Every home gardener will benefit from learning how to grow orange trees, especially once the trees start bearing fruits. Orange tree maintenance is quite simple. When caring for an orange tree, following a few simple instructions will keep the tree healthy and may even improve fruit production.
This growing oranges guide will assist you in flourishingly growing oranges and also harvesting them. Learning how to plant an orange tree may be a joyful experience that can also help you save money and even make money if you enjoy eating those golden orbs of fruity brightness.
It's okay if you are just starting out with gardening. With the help of the following comprehensive guide to growing oranges, it can become a much simpler procedure! You'll soon be off to your garden to gather some fresh oranges.
When to Plant Oranges?
Oranges are a delicate crop that should be planted when the soil and air are continuously warm, at least six weeks after the last date of frost.
Due to the year-round warmth, people who live in the commercial citrus belt, which stretches from Southern California to Florida, can plant orange trees at any time. Before planting, check your area's suitability for year-round citrus plant development on your plant hardiness map.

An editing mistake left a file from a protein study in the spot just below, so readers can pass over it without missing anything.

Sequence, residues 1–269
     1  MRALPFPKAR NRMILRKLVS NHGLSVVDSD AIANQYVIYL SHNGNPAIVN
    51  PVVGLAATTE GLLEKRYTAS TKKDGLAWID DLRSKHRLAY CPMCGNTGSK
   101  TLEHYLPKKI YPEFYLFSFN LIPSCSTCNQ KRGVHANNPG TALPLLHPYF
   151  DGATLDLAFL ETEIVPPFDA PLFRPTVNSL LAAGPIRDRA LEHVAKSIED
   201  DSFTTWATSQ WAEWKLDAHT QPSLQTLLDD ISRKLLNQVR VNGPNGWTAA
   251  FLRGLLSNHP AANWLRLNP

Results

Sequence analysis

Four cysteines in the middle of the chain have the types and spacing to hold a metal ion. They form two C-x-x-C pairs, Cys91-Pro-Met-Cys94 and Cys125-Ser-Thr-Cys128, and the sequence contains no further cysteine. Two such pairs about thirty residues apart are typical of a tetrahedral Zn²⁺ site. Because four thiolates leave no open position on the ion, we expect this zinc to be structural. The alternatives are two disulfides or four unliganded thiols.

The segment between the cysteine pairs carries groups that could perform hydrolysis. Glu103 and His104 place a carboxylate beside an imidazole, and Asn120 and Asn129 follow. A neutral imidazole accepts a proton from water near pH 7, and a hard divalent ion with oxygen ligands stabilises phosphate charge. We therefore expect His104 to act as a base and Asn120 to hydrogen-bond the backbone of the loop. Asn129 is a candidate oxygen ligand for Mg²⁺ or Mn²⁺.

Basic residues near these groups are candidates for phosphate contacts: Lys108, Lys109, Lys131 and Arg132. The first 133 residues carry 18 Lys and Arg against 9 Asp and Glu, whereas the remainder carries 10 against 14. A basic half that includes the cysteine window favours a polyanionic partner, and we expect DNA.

How to Grow Orange Trees Outdoors?
If you haven't yet planted an orange tree but are considering doing so, you can consider planting one. Some orange cultivars may germinate from seeds, but professional producers often employ grafted trees that have undergone a process known as budding.
As they are open to diseases and root rot, trees planted from seeds frequently have a limited lifespan. If seed-grown trees are successful, they do not begin to bear fruit until they are mature, which could take up to 15 years.
Find a location with lots of sunlight and loamy, well-draining soil. Because orange trees have deep roots, they provide at least a 20-foot clearing around the base of larger trees and a 10-foot clearing around lesser ones.
Create a mound of soil around the young tree's base, and then be sure to provide the roots with about an inch of water per week.
Grow Orange Trees from Seeds
Citrus orange trees need time to develop and bear fruit, as do other trees. Some can often take 15 months to mature. Some people, meanwhile, might only need eight or 12 months.
By "mature," we don't necessarily mean they produce fruit. Typically, an orange tree begins producing fruit between its third and fifth years of life. Orange seeds can be found directly from the fruit and be used to harvest orange trees.
Here are the steps you can follow to grow orange trees from seeds:
- Water the seeds:It will take at least 24 hours for the seeds to soak up water. Any seeds that float to the top should be thrown away after a day or two.
- Get your soil ready:Use conventional potting soil to encourage the germination of orange tree seeds. Plant the seeds in trays filled with soil, about one inch deep. To enrich the soil with nutrients, cover with dirt and sprinkle on any compost or mulch.
- Keep in a warm area: Place your seeds in a warm, moist area with access to indirect sunshine once you’ve planted them. Cover the trays with wet paper towels or plastic bags for a few weeks to keep the soil moist.